NCGA Week in Review: North Carolina Election Results

November 9, 2016

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Election Results At-A-Glance

Here’s a quick look at the results of NC’s elections:

  • Over 4.7 million voters cast ballots in NC, up from 4.5 million in the 2012 presidential election.
  • Early voters accounted for almost half of the ballots cast in the state.
  • The Republicans retained a supermajority in both the state House and Senate and gained several seats in the Council of State.
  • Three statewide races remain close and may be headed for recounts.
  • Republicans retained a majority of the US House of Representatives and Senate. North Carolina will send ten Republicans and three Democrats to represent the state in the US House and Republican Sen. Richard Burr back to the US Senate.
  • NC’s electoral votes favored President-Elect Donald Trump, winning the 15 electoral votes from the swing state.

All election results can be accessed through the NC State Board of Elections here.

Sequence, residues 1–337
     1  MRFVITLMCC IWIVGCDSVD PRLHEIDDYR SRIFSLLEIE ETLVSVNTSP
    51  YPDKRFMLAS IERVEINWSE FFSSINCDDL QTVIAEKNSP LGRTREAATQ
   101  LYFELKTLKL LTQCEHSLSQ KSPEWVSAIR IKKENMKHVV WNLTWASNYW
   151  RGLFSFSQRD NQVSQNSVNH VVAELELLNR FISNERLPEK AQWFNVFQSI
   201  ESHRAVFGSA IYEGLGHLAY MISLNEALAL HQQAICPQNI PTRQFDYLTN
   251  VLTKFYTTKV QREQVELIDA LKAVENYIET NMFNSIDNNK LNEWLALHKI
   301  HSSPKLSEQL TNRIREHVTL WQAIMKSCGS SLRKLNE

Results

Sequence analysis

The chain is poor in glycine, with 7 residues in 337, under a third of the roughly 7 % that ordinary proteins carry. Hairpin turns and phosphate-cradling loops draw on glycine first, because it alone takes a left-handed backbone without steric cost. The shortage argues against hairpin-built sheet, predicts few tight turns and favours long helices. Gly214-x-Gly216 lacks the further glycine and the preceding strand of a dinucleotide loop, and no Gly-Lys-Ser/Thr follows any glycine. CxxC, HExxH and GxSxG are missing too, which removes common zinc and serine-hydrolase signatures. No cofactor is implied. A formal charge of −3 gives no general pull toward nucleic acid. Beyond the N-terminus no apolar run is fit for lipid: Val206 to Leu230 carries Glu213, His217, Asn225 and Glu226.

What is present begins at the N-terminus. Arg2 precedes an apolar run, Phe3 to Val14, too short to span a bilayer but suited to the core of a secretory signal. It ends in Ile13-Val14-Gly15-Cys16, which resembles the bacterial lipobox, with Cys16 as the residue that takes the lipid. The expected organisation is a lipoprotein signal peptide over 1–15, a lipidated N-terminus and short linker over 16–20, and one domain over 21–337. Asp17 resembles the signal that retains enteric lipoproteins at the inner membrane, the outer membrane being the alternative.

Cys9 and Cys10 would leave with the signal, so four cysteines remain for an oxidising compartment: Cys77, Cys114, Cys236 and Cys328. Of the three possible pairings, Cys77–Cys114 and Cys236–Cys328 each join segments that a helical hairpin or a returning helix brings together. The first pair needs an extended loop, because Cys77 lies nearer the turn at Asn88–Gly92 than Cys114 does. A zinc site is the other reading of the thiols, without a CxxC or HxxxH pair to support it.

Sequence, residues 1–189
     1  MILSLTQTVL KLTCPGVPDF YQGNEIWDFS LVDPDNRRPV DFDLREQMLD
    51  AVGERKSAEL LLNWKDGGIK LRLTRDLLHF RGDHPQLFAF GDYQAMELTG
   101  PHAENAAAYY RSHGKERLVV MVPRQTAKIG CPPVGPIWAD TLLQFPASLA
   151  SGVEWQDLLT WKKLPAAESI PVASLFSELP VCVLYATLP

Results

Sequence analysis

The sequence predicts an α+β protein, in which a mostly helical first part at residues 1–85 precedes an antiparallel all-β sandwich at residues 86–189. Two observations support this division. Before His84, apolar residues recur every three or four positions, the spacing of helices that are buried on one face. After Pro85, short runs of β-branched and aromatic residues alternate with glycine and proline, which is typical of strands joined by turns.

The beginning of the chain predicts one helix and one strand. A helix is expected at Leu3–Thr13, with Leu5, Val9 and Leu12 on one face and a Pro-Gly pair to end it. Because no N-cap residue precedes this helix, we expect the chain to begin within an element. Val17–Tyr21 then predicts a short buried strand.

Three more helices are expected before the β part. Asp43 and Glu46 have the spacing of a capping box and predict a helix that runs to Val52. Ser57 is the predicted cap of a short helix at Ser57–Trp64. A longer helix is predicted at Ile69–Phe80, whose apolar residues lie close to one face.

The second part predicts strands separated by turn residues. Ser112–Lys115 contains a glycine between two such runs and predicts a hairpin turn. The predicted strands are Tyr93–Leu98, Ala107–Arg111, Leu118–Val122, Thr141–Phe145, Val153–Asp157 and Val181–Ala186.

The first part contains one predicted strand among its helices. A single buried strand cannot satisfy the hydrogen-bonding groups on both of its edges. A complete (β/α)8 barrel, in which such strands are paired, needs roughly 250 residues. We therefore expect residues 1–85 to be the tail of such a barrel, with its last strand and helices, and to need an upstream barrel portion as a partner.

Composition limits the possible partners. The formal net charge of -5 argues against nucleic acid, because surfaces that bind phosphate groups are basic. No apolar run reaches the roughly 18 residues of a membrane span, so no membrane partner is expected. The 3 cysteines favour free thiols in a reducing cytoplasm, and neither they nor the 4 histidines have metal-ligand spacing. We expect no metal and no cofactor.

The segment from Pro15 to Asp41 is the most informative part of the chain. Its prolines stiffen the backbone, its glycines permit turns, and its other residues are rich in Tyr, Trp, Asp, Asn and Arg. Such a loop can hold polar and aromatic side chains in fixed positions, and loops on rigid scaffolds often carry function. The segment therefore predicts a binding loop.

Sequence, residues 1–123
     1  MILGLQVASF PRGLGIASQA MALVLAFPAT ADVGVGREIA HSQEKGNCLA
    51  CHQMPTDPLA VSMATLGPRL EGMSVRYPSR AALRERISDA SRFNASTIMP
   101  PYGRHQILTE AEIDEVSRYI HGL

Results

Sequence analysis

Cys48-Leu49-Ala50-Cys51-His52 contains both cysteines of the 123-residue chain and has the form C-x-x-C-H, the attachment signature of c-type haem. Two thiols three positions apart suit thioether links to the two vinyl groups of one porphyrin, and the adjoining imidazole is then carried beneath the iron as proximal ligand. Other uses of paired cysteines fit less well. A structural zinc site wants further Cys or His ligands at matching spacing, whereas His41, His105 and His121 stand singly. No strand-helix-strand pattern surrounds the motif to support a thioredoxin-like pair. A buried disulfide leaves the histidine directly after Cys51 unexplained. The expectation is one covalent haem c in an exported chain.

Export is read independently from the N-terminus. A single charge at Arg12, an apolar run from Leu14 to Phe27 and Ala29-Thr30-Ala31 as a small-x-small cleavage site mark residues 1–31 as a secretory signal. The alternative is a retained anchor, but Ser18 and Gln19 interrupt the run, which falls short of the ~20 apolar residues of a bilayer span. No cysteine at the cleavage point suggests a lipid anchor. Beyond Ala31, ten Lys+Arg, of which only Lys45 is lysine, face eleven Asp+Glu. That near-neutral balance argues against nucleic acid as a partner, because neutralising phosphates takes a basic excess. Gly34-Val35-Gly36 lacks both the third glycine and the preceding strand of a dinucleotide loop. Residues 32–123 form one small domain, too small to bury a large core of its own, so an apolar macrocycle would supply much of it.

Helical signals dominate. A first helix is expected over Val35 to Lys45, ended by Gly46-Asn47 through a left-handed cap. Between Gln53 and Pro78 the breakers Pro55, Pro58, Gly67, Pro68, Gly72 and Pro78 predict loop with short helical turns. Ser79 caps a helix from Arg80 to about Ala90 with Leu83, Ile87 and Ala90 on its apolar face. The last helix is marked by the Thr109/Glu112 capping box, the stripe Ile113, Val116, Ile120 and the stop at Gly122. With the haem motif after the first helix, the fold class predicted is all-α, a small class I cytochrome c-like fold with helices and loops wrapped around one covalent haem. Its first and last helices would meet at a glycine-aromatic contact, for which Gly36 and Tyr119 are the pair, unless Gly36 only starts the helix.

Council of State

In the Council of State, Republicans picked up State Treasurer, Superintendent of Public Instruction and Commissioner of Insurance while the races for governor, attorney general and state auditor remain too close to call.

Pending certification of votes by November 18, there may be recounts in these three races. Local boards of elections will certify vote counts from now until ten days after election, November 18, if at that time the trailing candidate is behind by 10,000 or less votes, or one-half of one percent, whichever is less, a recount is required by state law.


The race for the governor between Republican incumbent Governor Pat McCrory and Democrat and Attorney General Roy Cooper remained in a deadlock throughout the campaign and into the late hours last night. The race is still too close to call, but appears to favor Roy Cooper. As it stands, Roy Cooper leads McCrory with 48.97% of the vote – a lead of 4,979 votes.